Software Workshop: Create Fantasy Photo Composites With Corel ParticleShop

Learn to add magical effects to your photographs

Canadian photographer and visual artist Renee Robyn has always built Adobe Photoshop brushes from scratch to create her ethereal images. But with Corel's new ParticleShop plugin added to her digital toolbox, Robyn now has far more to play with. ParticleShop "makes it easier and gives me tools that I wouldn't have thought to use. These brush shapes, and the way some of the brushes behave aren't things I would have considered before." This image was captured on location in the rain. Robyn shot tethered and lit the model with a beauty dish and a reflector; a large white garbage bag protected her gear while serving as a diffuser. Here's how Robyn used a combination of Photoshop and ParticleShop to create her final, magical image. Note that the new plugin works best with pressure-sensitive tablets and pens and is compatible with Lightroom as well.
Step 1 Prepare your image in Photoshop. Robyn used the Healing Brush to clean up the water drops from the rain. Then open the ParticleShop plugin. Go to Filter > Painter > ParticleShop.
Step 2 Robyn used the expansion pack of Flame brushes for the initial streaks of light; choose Flame 1 to start (or experiment with one of the included brushes). Adjust the size slider to 750 and opacity to 100%. Click on the Pen icon to the right of opacity to enable pressure sensitivity; a red outline will appear when it’s on. Select the brush tool [B]; click on the color wheel or use the eye dropper to choose a color. For this image, pick a yellow-red tone and draw lines at various pressures to guide the viewer’s eye through the image. Use the Undo button at the top of the window if needed.
Step 3 Now that you’ve got your fire, add points of light. From the Starter Pack, select the Light brush. Use the color wheel to make it white. With the brush set to a range of sizes from 100 to 222, place light dots at some of the places where the lines made by the Flame brush intersect. To soften these new dots of light, choose the Debris brush from the Starter Pack and set it to 750. Draw small circles on the light dots, then click Save to return to Photoshop.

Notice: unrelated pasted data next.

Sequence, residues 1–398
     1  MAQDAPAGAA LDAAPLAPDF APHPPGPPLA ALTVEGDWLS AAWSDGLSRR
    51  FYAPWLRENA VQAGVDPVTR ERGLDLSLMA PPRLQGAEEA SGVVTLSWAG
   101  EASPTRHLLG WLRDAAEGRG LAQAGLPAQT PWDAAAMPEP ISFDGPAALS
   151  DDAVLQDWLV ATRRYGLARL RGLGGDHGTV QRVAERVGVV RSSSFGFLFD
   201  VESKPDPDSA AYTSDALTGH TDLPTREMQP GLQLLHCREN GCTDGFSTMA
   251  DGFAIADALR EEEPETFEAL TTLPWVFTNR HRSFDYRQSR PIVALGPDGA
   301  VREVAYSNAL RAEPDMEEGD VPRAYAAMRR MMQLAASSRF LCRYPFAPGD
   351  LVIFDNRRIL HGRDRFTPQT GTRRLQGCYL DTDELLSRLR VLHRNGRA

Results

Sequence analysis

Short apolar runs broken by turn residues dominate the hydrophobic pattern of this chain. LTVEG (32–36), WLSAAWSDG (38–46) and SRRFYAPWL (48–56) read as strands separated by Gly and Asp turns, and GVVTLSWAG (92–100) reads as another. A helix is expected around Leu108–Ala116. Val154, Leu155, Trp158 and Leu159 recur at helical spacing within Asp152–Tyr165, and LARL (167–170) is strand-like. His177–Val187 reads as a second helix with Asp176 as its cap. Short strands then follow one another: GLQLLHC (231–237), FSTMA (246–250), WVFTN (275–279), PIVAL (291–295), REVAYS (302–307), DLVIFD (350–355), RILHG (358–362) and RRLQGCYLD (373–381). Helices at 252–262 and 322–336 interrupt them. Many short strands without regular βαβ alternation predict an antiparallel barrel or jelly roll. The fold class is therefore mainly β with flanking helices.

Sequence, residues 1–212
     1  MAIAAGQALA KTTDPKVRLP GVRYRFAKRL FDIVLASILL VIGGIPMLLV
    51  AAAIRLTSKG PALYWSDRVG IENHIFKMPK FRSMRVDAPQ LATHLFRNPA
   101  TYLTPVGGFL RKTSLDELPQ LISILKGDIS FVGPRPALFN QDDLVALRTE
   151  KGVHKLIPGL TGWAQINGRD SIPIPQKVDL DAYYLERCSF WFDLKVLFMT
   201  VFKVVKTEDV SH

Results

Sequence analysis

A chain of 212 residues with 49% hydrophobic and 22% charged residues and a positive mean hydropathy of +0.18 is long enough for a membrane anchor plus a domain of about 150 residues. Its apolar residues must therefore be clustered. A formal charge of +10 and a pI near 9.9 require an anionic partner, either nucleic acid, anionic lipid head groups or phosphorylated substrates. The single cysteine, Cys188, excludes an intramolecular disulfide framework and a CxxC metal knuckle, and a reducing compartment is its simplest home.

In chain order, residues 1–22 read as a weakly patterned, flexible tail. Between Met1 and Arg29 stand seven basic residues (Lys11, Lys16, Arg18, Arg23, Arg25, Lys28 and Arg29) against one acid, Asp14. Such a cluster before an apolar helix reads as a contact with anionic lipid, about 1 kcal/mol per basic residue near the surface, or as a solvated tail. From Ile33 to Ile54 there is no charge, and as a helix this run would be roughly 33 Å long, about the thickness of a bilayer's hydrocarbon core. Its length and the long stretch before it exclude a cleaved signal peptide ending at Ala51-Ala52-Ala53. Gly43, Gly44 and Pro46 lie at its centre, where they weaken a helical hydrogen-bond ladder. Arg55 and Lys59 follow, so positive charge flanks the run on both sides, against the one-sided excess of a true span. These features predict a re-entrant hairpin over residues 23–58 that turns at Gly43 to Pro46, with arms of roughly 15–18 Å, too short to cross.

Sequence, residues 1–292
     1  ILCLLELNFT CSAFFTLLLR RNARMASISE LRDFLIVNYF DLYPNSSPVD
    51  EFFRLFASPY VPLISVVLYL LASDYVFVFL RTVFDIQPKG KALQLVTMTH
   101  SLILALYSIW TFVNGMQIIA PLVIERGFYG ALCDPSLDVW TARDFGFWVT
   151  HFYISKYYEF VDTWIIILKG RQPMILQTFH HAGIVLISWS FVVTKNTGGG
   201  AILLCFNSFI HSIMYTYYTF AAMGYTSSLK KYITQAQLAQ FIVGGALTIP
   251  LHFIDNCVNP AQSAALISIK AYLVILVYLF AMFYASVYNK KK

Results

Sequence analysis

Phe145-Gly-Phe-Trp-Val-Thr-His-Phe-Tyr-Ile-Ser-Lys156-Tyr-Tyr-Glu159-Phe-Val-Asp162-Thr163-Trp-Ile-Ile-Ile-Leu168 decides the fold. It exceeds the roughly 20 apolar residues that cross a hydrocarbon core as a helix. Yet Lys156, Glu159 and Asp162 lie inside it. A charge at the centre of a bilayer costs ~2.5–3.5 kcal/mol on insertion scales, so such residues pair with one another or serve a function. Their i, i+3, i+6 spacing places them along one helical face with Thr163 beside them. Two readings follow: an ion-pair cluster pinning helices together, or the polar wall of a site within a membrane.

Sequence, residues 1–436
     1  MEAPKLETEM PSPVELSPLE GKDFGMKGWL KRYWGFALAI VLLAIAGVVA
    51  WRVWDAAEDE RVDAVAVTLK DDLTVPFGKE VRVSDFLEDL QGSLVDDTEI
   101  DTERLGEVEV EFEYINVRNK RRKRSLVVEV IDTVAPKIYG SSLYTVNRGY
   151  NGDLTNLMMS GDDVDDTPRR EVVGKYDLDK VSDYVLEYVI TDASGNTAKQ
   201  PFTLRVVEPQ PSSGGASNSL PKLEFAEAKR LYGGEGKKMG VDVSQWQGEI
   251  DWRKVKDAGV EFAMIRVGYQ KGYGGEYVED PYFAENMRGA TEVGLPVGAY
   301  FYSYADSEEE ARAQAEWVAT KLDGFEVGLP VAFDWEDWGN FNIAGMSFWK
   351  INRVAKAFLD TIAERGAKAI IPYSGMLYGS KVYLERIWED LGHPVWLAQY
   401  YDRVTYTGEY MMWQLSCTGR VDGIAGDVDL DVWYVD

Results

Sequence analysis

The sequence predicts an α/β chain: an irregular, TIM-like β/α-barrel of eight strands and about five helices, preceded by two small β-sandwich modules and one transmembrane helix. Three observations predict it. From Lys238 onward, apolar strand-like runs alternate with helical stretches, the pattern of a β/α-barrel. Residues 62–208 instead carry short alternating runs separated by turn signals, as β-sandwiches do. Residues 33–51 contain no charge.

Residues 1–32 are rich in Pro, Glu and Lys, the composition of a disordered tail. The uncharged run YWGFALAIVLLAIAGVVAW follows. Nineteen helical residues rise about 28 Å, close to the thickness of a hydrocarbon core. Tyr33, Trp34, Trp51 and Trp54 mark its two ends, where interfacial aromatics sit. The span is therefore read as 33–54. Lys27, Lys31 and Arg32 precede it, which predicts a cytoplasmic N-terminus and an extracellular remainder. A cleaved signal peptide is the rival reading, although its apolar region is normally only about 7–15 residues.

Step 4 To warm up the image and make it softer, add a layer of yellow. Create a new blank layer by going to Layer > New > Layer. Change the blending mode to Soft Light, click OK, and dial down the new layer’s opacity to about 36%. Then choose the Paint Bucket tool from the toolbar (it may be hidden under the Gradient tool). Use the color picker to choose a yellow and click on the image to fill the blank layer. In the Layers panel, click on the Mask icon. Finally, use a black brush to paint out the yellow overlay on the model’s face.
Step 5 To reduce contrast and add even more of a fairy-tale look, continue to tweak the color. Go to Layer > New Adjustment Layer > Selective Color and click OK. In the Properties panel, use the Colors pulldown menu to select Blacks. Set Cyan to 0, Magenta to –11, Yellow to +4, and Blacks to 0. Make sure Relative is selected. Use the visibility toggle to view before and after; adjust as necessary.
Final Step For the final color adjustment, Robyn added a color LUT preset layer (she loved the way the green looked by adding this layer over the yellow fill layer). Go to Layer > New Adjustment Layer > Color Lookup and click OK. In the Properties panel, select 3DLUT File and choose Futuristic Bleak from the pulldown menu. Then add a quick vignette. Create a new merged layer (Cmd + Opt + Shift + E or Ctrl + Alt + Shift + E), set its blending mode to Multiply and its opacity to 70%. Mask out the center to let the corners go dark.
Quick Tip ParticleShop 1.0 works only with 8-bit images. If you’re using layers in 16-bit mode, you’ll get a warning from Photoshop that you need to flatten and go to 8-bit before using the plugin. To avoid this issue, merge and copy the current layers to a new layer (Cmd + Opt + Shift + E on a Mac or Ctrl + Alt + Shift + E on a PC) before you open ParticleShop. Then go to Image > Mode > 8 Bits and you’ll be ready to get started—without losing your layers.